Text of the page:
Data Source for Gene Network Dataset

1. Data collection

    Gene networks play important role in causing complex diseases. To examine schizophrenia candidate genes in the context of protein-protein interaction network, we first constructed a comprehensive human PPI network by integrating protein-protein interaction pairs from six databases: Human Protein Reference Database (HPRD) ( Peri et al. 2003), BIND ( Bader et al. 2001), IntAct ( Hermjakob et al. 2004), MINT ( Zanzoni et al. 2002), Reactome ( Matthews et al. 2009) and DIP ( Salwinski et al. 2004). We then map our core genes onto this PPI network and found 32 of the core genes are present at the network. In network topology, proteins in the shortest path tend to have same or similar biological process (Managbanag et al. 2008). Thus we identified the shortest paths between any two of the 32 core genes. Finally, we included all the genes whose coding proteins are present at these shortest paths. A total of 1035 genes were selected based on this network feature.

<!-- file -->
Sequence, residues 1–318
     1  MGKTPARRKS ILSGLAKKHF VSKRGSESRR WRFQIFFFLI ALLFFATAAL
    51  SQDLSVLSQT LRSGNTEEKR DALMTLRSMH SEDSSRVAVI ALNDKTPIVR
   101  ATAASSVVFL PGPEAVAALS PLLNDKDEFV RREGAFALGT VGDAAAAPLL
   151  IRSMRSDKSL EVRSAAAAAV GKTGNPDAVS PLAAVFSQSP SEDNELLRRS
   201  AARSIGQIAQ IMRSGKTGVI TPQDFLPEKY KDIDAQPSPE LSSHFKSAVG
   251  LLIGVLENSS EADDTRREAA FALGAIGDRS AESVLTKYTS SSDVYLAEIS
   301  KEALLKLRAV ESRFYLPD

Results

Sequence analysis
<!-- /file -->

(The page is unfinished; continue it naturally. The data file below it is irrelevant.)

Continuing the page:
2. Scoring system

     Each gene in the shortest path to a pair of core genes was assigned a score to describe it closeness to the phenotype (schizophrenia in this case). We modified Wu et al. (2008) method to calculate the closeness of a gene in the shortest path to schizophrenia (i.e. core genes). The closeness of a gene g in the shortest path to a schizophrenia core gene is calculated by Gaussian kernel where g' is the core gene and L is the distance between genes g and g' in the shortest path. Therefore, the final score of the gene is the sum of its closeness to all core genes:


    where C is the set of core genes.

3. Score distribution
Figure 1. Score distribution of PPI network dataset
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